The Oxford History of Popular Print Culture: Volume Six: US Popular Print Culture 1860-1920

Hardcover | January 1, 2012

EditorChristine Bold

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What did most people read? Where did they get it? Where did it come from? What were its uses in its readers' lives? How was it produced and distributed? What were its relations to the wider world of print culture? How did it develop over time? These questions are central toThe Oxford Historyof Popular Print Culture, an ambitious nine-volume series devoted to the exploration of popular print culture in English from the beginning of the sixteenth century to the present.Volume six explores a cornucopia of US popular print materials from 1860 to 1920, the period when mass culture exploded into the everyday lives of large swathes of the population. Thirty specially written essays by scholars from a wide range of disciplines - history of the book; literary, cultural,media, and film studies; social history, journalism, and American Studies - probe the material conditions, proliferating genres, and cultural work of newly affordable and accessible forms. A dozen short entries address additional topics, genres, and approaches. A chronology of the relevant legal,technological, and organizational developments of the period and a list of online and physical archives provide further support for study in this burgeoning field. Cumulatively, the volume revisions the power of 'the popular' in its many meanings - widely circulated, commercialised, vernacular,working-class, cheap, accessible; it recovers and analyses neglected cultural webs and networks, as well as individual authors, famous and forgotten; and it interrogates conventional cultural hierarchies and high/low binaries. The volume pursues some key issues in rich archival and analytical detail. How did new technologies of production and distribution shape a plethora of print forms, including advertising leaflets, postcards, tracts, pamphlets, dime novels, story papers, newspapers, magazines, and cheap books? How didupheavals in the publishing industry and new regulatory mechanisms affect circulation and consumption? How did various genres mediate social and political transformations of the period? How did popular print forms consolidate transnational and borderlands networks? How were particular culturalcommunities, including Native American, African American, Asian American, and Mexican / America alternately served and oppressed by popular print? How was it seized in support of labour and woman suffrage, and how was it wielded by governmental and educational institutions? How did print interactwith other media?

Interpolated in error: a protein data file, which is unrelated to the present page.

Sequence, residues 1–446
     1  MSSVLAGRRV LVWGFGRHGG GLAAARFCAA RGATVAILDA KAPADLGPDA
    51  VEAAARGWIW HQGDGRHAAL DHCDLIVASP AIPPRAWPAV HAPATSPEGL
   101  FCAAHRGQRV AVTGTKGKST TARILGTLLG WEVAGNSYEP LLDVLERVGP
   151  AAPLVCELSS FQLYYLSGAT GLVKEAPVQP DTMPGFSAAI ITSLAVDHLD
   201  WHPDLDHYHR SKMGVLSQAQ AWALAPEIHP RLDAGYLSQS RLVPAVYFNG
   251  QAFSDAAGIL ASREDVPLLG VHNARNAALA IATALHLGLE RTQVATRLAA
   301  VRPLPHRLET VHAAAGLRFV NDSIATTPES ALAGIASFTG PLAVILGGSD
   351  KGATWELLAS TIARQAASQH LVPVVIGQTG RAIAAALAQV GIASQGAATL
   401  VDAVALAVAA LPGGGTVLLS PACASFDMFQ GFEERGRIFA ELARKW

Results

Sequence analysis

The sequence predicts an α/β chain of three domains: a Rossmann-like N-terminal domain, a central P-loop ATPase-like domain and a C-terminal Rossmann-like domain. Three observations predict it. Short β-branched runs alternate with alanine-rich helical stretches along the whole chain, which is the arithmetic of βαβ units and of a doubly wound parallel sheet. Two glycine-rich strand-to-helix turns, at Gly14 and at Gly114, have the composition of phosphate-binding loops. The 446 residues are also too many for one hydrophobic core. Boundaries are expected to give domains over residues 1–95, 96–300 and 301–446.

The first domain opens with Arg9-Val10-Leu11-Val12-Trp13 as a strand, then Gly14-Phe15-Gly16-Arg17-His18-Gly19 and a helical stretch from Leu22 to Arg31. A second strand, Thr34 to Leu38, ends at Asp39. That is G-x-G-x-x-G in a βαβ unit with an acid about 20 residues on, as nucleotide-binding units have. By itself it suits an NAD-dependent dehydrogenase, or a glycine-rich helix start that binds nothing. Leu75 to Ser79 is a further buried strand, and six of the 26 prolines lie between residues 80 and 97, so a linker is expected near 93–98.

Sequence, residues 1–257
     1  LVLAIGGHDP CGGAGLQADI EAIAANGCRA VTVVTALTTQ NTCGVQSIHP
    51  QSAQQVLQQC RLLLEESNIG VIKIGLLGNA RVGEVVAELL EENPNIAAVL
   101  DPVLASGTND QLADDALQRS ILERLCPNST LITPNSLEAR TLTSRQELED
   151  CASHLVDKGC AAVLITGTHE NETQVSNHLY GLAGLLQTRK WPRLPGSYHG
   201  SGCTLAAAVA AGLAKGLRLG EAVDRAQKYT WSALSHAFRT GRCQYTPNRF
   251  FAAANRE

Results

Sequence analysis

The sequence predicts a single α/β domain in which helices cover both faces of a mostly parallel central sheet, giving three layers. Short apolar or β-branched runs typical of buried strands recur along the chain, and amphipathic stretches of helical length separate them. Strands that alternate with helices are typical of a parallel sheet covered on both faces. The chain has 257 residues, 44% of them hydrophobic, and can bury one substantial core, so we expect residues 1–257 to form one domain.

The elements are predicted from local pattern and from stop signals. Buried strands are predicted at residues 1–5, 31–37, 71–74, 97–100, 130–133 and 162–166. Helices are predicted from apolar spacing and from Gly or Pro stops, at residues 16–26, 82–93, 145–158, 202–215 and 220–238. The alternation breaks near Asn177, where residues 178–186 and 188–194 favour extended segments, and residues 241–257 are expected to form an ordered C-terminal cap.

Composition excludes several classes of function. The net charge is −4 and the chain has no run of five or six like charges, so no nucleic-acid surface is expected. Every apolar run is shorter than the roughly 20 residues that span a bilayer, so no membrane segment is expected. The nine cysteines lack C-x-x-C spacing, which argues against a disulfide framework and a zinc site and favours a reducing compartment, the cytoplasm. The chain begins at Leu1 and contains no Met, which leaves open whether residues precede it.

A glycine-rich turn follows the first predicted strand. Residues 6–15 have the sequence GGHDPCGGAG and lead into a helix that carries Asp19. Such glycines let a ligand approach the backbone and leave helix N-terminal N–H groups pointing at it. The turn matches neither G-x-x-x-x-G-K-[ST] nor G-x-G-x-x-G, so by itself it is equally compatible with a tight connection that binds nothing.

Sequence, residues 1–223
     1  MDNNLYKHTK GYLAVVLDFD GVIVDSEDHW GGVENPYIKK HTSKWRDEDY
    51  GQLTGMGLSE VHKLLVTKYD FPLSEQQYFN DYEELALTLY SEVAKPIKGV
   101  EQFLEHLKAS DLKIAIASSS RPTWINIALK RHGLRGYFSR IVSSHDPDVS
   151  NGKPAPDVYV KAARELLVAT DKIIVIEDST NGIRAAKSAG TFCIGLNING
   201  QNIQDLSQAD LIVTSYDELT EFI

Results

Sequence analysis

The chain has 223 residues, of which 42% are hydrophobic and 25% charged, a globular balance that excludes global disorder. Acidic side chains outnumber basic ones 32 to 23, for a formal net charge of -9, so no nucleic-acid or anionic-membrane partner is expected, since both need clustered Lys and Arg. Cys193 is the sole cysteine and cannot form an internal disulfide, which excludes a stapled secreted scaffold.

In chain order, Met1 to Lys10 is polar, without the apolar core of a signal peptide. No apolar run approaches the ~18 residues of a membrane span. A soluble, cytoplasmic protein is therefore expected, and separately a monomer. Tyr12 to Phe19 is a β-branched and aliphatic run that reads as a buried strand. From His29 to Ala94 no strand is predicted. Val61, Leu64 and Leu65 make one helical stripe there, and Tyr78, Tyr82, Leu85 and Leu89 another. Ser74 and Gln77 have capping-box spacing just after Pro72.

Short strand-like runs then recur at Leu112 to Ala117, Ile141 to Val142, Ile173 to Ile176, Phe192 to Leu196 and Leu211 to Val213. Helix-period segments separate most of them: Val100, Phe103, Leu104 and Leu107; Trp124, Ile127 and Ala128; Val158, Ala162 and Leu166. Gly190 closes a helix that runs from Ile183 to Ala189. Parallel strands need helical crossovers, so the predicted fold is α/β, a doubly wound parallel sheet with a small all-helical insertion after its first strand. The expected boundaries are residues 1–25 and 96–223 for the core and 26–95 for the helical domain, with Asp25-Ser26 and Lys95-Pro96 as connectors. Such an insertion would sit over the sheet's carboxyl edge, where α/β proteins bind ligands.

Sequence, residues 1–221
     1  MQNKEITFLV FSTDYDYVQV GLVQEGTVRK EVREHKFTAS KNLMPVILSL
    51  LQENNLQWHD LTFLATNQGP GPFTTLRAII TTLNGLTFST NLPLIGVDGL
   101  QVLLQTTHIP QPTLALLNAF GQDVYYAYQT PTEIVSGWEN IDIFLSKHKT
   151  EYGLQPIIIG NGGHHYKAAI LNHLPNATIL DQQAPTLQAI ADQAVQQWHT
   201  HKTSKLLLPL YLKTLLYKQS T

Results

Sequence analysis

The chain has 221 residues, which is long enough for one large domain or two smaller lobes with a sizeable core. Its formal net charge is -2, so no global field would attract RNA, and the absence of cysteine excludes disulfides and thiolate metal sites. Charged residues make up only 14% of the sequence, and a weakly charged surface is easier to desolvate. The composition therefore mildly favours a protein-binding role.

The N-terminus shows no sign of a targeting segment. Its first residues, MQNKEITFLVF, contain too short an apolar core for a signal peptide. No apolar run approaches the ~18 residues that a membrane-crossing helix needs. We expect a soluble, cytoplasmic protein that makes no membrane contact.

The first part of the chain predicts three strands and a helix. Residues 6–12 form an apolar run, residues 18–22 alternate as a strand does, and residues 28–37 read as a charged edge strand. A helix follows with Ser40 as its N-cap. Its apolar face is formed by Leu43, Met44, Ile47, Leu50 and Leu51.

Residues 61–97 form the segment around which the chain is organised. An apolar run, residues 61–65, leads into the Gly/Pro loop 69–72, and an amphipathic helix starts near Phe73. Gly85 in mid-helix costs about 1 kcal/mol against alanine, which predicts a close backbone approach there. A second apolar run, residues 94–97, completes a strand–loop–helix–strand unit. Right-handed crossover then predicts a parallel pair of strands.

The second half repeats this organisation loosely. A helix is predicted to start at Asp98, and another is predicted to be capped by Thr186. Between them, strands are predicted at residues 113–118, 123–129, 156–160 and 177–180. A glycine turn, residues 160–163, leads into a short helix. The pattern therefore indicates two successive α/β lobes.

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What did most people read? Where did they get it? Where did it come from? What were its uses in its readers' lives? How was it produced and distributed? What were its relations to the wider world of print culture? How did it develop over time? These questions are central toThe Oxford Historyof Popular Print Culture, an ambitious nine-v...